Archive for February 2016
We will start this Tuesday (15/02/2016) by discussing a work in progress by Ken Westphal on “Kant, Aristotle and our Fidelity to Reason”. We will also make a decision about what to read for the rest of the semester.
If you would like a copy of this paper, or to be added to our mailing list, please email Melisa: firstname.lastname@example.org
Support for this reading group is provided by the joint Boğaziçi -Southampton Newton-Katip Çelebi project AF140071 “Agency and Autonomy: Kant and the Normative Foundations of Republican Self-Government” run by Lucas Thorpe (Boğaziçi) and Sasha Mudd (Southampton).
This semester we will continue with our Cog-sci/Philosophy Reading group this semester. We will meet on Mondays from 5-7pm in TB365.
We will have our first meeting this coming Monday (15/02/2016). At this meeting we will discuss the following paper:
Nicholas Silins, “Silins, Nicholar (2016) Cognitive Penetration and the Epistemology of Perception“, Philosophy Compass, 2016
We will also discuss what to read for the rest of the semester.
If you are interested in being on our mailing list, please email Elif at: email@example.com
This reading group is organised as part of the Tubitak project (114K348): “Concepts and Beliefs: From Perception to Action“.
Center for Ethics in Society
“Practice Views Revisited”
DATE: Thu 11 February 2016
PLACE: G-160, Bilkent University, Ankara
Thomas Scanlon and others have argued that ‘practice views’ give
the wrong kind of reasons for moral duties, which shows up in the fact
that they identify the wrong addressees of these duties. The reason
why I must not break my promise to you, for instance, should lie in
the harm that this does to you—rather than in the harm that it does to
the practice of promising or to our community. I demonstrate that the
wrong reason objection indeed applies to some practice views, notably
rule-conquentialism and (Hobbes’) contractarianism. Drawing on ideas
by Elizabeth Anscombe, however, I offer an alternative understanding of
the role of the practice in ethical justifications.
According to “conventionalist” or “practice views,” at least some moral
duties exist within social practices, and these practices play an important
role in justifying the respective duties. Among others, the theories of Hobbes,
Gauthier, Hooker and Rawls are commonly classified as practice views.
Thomas Scanlon has levelled a formidable and widely used objection against
practice views: They give the wrong reasons for our duties, which shows up
in the fact that they identify the wrong addressees. The reason why I must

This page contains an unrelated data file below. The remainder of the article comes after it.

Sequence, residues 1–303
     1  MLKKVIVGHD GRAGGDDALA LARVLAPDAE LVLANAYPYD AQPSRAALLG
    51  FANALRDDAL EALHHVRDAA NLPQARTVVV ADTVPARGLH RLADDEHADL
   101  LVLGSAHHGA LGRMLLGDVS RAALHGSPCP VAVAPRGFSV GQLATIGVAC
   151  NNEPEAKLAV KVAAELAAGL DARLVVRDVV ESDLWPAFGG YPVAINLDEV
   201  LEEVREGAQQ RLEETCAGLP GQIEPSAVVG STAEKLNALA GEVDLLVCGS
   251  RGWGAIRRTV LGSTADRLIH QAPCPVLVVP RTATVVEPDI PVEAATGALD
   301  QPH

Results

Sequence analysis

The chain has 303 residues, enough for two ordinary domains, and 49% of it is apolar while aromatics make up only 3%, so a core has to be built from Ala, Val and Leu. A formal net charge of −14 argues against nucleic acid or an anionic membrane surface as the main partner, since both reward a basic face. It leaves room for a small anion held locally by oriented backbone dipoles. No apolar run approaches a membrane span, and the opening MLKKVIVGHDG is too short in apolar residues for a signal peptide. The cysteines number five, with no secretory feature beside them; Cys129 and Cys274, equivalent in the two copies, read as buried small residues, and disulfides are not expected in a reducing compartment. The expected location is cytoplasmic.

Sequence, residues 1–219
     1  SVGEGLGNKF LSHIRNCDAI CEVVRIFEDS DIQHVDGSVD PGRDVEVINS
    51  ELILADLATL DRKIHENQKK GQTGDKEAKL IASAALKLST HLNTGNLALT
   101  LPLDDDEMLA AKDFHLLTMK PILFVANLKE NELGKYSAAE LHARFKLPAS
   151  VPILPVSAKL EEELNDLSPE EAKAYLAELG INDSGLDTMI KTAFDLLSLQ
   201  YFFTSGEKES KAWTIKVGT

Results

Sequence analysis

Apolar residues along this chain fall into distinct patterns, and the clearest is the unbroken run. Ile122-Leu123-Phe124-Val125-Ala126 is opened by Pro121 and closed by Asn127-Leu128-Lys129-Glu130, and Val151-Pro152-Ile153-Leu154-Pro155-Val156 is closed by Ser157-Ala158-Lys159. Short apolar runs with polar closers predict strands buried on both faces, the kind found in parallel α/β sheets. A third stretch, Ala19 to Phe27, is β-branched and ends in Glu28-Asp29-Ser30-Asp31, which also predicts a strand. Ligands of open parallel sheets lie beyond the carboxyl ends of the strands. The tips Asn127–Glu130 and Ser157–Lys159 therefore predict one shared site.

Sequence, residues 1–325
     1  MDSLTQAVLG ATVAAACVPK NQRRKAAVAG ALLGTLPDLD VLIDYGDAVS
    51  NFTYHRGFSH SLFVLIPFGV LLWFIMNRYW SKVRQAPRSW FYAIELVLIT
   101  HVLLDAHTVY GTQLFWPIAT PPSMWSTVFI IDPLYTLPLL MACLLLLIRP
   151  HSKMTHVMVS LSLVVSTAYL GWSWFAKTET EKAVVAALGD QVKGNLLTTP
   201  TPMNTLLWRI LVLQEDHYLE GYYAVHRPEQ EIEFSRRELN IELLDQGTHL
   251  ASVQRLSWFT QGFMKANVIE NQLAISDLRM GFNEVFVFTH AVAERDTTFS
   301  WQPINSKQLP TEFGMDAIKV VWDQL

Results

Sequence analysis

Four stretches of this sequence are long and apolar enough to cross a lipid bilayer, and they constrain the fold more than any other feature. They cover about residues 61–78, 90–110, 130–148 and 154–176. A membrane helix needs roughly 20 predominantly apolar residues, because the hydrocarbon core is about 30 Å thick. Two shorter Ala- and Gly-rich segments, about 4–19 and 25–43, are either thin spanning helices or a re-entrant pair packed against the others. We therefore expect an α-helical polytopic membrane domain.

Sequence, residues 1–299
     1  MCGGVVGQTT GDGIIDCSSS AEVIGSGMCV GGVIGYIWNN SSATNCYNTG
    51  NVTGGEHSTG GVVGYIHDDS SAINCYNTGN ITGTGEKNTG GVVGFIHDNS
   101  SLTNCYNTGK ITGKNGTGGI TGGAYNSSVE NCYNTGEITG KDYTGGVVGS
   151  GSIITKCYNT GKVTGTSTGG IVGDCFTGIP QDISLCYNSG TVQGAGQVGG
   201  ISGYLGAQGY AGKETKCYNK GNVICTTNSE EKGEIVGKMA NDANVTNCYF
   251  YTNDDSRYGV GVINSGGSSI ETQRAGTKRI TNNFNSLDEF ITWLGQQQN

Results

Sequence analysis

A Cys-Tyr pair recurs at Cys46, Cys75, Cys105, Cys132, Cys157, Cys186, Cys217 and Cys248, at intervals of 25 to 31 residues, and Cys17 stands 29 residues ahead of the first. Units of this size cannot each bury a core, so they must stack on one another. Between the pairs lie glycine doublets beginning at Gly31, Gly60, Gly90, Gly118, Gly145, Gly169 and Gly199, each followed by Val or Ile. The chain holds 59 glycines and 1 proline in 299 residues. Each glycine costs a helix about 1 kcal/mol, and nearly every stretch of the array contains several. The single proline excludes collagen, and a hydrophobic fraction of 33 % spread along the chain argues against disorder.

not break my promise to you, for instance, should lie in the harm that this
does to you—rather than in the harm it does to the practice of promising or
to all the participants in that practice.
I grant that Scanlon’s objection applies to the mentioned theories. But I offer
a surprising diagnosis: (i) I argue that the conventionalism of these theories
is superficial. (ii) I show that the objection applies to them precisely because
they are not genuinely conventionalist and that (iii) any genuinely conventionalist
theory gives the correct reasons and identifies the correct addressees of our duties.
As a last step, (iv) I outline one such theory, using the understanding of the practice
in moral justifications that I find in Elizabeth Anscombe’s work. (v) My particular
proposal has an interesting application to rights: It enables us to be conventionalists
about rights without being cultural relativists about rights.
Talk at Bilkent by Ulf Hlobil (Pittsburgh): “Do It! But Don’t Listen to Me!: Moral Testimony and Practical Inference”
Department of Philosophy
University of Pittsburgh
“Do It! But Don’t Listen to Me!: Moral Testimony and Practical Inference”
DATE: Wed 10 February 2016
PLACE: G-160, Bilkent University, Ankara
What, if anything, is wrong with acting on moral beliefs that we accept
merely on the say-so of others? Why could it be problematic to act on a
moral belief that we take to be true without understanding why it is true?
I defend a qualified and novel version of what is called “pessimism” in
the controversy over pure moral testimony. I argue that we can rationally
come to hold the premises of moral reasoning through testimony, but that
moral testimony is problematic in cases where the agent lacks the ability
to make the correct practical inference. The problem is that inferential
abilities cannot be shared via testimony. The role that moral testimony
can play in our moral lives is therefore limited. My account gives the
correct verdicts for common examples in the literature on moral testimony.
It, moreover, incorporates many of the optimists’ insights and is more
general and informative than rival accounts.
Yeditepe University, Department of Philosophy
Istanbul, May 5-6th 2016
The workshop is organized in the frameworks of the newly instituted hub “Turkish European Network for the Study of Women in Philosophy” and of the newly instituted Joint Master Program “History of Women Philosophers/History of Philosophy” (University of Paderborn-Yeditepe University Istanbul). The overall aim of these two projects is the study of women philosophers and of the changes in the canonical history of philosophy resulting from a thorough consideration of the women contribution. Within this broader framework, this workshop addresses the women philosophers’ contribution to a particularly relevant topic: the notion of autonomy. Autonomy, together with its cognate concepts (self-determination, self-mastery, self-government etc.), is among the central concepts across the whole history and the whole spectrum of the philosophical debate, yet the women philosophers’ contribution to its development has been seldom investigated.
For the list of participant, see here.